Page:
by David Anson
The default power settings for Windows are configured so a computer will go to sleep after 15-30 minutes of inactivity (e.g., no mouse or keyboard input). This is great because a computer that's not being used doesn't need to be running at full power. By letting an idle machine enter sleep mode, the user benefits from a significant reduction in electricity use, heat generation, component wear, etc.. And because sleep preserves the state of everything in memory, it's quick to enter, quick to exit, and doesn't affect your workflow. All the same applications continue running, windows stay open and where they were, and so on. Sleep mode is a Good Thing.
But sometimes a computer is busy even though you aren't using the mouse and keyboard; common examples include playing a movie, burning a DVD, streaming music, etc.. In these cases, you do not want the machine to go to sleep because you're using it - even though you're not actually using it! So most media players and disc burners tell Windows not to go to sleep while they're running. In fact, there's a dedicated API for exactly this purpose: the SetThreadExecutionState Win32 Function.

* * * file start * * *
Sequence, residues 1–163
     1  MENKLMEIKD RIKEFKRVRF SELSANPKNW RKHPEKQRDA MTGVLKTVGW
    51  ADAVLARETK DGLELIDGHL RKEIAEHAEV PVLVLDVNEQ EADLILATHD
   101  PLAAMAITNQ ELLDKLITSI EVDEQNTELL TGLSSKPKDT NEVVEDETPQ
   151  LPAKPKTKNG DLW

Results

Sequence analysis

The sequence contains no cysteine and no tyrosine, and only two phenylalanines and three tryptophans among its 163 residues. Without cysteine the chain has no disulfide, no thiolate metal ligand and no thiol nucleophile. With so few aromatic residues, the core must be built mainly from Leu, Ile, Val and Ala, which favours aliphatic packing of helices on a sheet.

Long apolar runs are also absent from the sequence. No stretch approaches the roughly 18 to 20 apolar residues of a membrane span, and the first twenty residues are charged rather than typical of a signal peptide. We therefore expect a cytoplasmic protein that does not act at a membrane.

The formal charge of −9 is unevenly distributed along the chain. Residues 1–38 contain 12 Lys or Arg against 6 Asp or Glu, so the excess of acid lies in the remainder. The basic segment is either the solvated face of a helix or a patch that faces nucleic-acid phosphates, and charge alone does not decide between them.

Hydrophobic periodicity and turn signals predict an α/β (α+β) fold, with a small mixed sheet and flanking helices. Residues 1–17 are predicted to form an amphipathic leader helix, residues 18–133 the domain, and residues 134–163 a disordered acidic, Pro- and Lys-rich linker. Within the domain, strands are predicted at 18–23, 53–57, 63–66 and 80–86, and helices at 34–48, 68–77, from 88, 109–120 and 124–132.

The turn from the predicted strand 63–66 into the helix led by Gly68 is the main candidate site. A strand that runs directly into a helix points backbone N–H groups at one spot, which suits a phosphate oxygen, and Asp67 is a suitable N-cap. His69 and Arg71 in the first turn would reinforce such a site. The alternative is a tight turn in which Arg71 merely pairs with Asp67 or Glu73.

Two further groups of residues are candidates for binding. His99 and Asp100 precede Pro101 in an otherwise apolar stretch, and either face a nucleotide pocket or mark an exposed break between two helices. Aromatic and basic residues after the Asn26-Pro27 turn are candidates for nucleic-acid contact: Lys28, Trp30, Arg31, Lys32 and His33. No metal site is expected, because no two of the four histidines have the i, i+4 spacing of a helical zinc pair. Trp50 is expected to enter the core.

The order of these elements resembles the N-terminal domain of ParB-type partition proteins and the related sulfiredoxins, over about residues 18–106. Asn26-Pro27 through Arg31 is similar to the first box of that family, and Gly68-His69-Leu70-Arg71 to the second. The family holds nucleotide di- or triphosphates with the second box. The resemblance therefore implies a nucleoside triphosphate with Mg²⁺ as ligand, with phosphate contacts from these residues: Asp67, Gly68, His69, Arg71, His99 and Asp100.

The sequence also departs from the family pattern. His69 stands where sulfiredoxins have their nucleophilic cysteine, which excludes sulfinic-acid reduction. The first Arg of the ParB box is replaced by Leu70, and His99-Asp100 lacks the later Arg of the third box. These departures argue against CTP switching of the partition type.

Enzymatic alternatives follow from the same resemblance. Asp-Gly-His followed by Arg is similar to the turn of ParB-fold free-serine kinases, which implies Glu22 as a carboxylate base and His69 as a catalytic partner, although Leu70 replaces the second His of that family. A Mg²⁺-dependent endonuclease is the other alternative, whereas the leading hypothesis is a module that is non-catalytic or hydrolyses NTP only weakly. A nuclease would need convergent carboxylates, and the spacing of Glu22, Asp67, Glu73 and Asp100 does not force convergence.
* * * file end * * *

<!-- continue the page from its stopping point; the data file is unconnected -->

But what about those times when the computer is doing something useful and the relevant program does not suppress the default sleep behavior? It might be downloading a large file, re-encoding a music collection, or backing up the hard drive, for example. In times like this, you don't want the machine to go to sleep right now, but are otherwise happy with the default sleep behavior. Unfortunately, the easiest way I know of to temporarily suppress sleeping is to go to Control Panel, open the Power Options page, change the power plan settings, commit them - and then remember to undo everything when you're done. It's not hard; but it's kind of annoying...
Insomnia makes it better!
Insomnia is a simple program that calls the
SetThreadExecutionState API to disable sleep mode for as long as it's running.
Closing the Insomnia window immediately returns to whatever sleep mode was in effect before it was run.
Yes, it's that simple!
Aside: To be clear, the display can still go to sleep and power off - it's just sleep for the computer that is blocked. Similarly, if you tell the machine to go to sleep by hitting the power button, it will still do so.
Insomnia.zip - 318 KB ZIP contains the 32-bit (recommended), 64-bit, and .NET builds of Insomnia and the source code for everything.